Thursday, June 3, 2010

The Mixed Herd Strategy

May 20, 2010

The political situation in southern K-stan has been giving me emotional whiplash (it's dangerous!—it's safe!--there's fighting!--no, just kidding!--so-and-so took control of the government!--nope, now it's so-and-so!--don't leave your house!--everything's fine!).

Although there has never been a moment when I have felt that my personal safety was at risk, all of this is still taking a toll on me. As I seem to always be reiterating in this journal, I NEVER HAVE ANY IDEA WHAT IS GOING ON. The biggest problem is that all these happenings are very seriously slowing down the progress of this camp that I am planning. Thankfully, my wonderful site mate and I have been able to spend several pleasant days hiding out in our village together, whereas if I had been alone I might have torn all my hair out in frustration.

Anyway, all seems well now (although things have seemed well and then gotten iffy a few times in the last few weeks, so who knows) so I'm happy.

In the meantime, the school year has been winding down. Today was the last day of tests for my English classes, and I feel bad that I didn't even show up because I was waiting for a call from Peace Corps to tell me that things were all clear after the last “situation.” But not too bad, considering my day yesterday:

Since its spring, as I was walking down the road I ran into a lot of livestock traffic being herded along the main road up into the mountains. Now, seeing lots of large animals being driven towards me at a slow jog pace still makes me nervous, but I've gotten used to it and developed a strategy of moving through the herd in a way that I would imagine that it would make sense to a scary cow with big horns to NOT run over me. Utilizing this strategy every morning for the last few weeks has decreased my nervousness considerably, as well as my tendency to shield myself with as many third graders as I can hold onto. Which is one of the many reasons that would contribute to my being promptly fired if I were a teacher in the States.

Anyway, I realized yesterday morning that my strategy has a weakness: mixed herds. It works great with cows and okay with sheep (I'm not quite as scared of them, just mostly concerned about getting brushed up against. Their wool is really gross.), but when it's a mixed herd of cows AND sheep; or, (God forbid) cows, sheep, goats, and horses, as was the case this morning, I get thrown off. The trick to the strategy is predicting where the animal will go. Cows move with a certain predictability, and so do sheep, but it's a different kind of movement for both. When you throw four species together in one big group, you have to predict four kinds of movement. And that's hard.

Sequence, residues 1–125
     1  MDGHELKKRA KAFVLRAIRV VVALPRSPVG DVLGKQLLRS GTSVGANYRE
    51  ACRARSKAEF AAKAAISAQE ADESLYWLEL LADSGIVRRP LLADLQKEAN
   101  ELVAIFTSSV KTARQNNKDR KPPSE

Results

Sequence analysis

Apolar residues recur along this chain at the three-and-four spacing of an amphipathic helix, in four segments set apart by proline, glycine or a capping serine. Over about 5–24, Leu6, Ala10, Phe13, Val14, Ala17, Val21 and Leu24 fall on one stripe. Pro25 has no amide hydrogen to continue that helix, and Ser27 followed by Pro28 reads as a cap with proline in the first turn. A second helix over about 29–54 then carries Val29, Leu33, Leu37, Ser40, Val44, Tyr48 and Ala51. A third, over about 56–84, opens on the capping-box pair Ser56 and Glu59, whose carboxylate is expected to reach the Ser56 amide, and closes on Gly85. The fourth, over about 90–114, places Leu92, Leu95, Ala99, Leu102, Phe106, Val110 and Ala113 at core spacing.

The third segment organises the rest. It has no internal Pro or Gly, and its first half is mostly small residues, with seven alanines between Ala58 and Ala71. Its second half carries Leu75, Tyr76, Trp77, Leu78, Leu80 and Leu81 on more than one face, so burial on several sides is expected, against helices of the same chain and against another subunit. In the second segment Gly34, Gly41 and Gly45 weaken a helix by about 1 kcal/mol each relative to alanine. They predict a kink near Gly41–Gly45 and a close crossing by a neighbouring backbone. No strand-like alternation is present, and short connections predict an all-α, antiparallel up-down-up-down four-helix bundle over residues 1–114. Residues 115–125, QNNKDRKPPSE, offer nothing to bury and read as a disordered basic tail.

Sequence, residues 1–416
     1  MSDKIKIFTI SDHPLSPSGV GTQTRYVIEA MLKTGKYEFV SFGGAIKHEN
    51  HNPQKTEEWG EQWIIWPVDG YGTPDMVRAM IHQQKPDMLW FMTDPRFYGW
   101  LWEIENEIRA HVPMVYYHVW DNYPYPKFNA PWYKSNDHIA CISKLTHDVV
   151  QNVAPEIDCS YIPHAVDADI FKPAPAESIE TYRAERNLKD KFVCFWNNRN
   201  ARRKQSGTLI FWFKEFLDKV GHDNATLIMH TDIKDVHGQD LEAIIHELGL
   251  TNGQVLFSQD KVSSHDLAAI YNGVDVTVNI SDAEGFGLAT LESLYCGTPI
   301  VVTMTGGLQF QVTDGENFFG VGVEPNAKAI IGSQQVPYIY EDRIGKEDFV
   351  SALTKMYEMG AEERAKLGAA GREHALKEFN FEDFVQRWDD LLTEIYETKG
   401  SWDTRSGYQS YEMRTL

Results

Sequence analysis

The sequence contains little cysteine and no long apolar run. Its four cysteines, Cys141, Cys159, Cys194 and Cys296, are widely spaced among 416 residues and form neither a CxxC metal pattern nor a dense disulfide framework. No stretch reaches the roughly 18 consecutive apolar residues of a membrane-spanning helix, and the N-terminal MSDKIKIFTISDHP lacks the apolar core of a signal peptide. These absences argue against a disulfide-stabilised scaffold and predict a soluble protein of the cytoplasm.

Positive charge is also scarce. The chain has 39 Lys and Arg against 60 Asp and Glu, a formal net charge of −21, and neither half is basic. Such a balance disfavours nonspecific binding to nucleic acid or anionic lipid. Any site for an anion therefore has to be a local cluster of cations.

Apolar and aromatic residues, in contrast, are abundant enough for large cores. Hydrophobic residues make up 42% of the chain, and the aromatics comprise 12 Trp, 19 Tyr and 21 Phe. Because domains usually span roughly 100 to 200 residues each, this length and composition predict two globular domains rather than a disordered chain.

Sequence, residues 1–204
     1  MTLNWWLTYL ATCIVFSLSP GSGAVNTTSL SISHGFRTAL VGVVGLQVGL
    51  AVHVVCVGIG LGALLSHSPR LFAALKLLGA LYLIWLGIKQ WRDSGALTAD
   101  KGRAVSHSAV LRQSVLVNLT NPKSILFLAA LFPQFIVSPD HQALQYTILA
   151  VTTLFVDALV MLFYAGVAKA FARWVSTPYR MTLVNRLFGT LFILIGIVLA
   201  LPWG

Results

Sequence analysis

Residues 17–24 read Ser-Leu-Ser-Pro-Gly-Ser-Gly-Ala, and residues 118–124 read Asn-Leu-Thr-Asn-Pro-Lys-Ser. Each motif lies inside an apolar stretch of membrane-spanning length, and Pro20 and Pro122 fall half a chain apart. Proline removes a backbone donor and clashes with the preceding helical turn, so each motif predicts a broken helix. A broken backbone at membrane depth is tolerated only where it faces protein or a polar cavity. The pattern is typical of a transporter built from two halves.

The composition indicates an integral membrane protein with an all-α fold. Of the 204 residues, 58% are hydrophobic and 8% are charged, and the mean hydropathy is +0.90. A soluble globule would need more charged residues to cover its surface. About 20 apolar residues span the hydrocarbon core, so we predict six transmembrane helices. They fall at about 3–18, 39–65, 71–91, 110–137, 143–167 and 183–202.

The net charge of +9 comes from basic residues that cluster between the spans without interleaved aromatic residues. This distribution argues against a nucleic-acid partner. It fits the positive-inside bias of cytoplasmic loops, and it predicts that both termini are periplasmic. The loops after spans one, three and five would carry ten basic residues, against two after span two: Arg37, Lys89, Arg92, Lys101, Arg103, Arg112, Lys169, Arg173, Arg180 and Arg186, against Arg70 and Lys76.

I'll bet you all thought I was going somewhere with that, but I wasn't. I'll save it in my analogy/metaphor arsenal. That seems to be another strange side effect of teaching, along with learning how to draw really good stick figures. Coming up with ridiculous analogies that draw blank looks from students.

Anyway, I started off my morning by wading through a very large mixed herd. Shortly thereafter, a car that had just made its way slowly through the same herd abruptly sped up and rudely drove though a puddle, spraying me with water and the wet remains of the traffic that had just passed.

So, I was 10 minutes late to give my 10th graders their test since I had to spend some time at the canal washing the spray of manure off the lower half of my left pant leg (it's a good thing I wore the green-ish colored khakis). Of course, the kids complained about the loss of time to no end. I tried to convince them that the test was super-easy, and that we had gone over all the correct answers in the last lesson, but they were still whiny. Unwilling to give up my status as the “nice” teacher (I may put children between myself and scary animals, but I don't smack kids with rulers like the other teachers), I agreed to cut down the number of sentences they had to write for number 8 from six to three. One boy thanked me by writing no sentences at all, but graciously handing in a drawing of a penis. Ah, the joys of teaching teenagers.

Oh, and some kymys got spilled on my feet in a taxi. That's that fermented mare's milk drink. Not pleasant.

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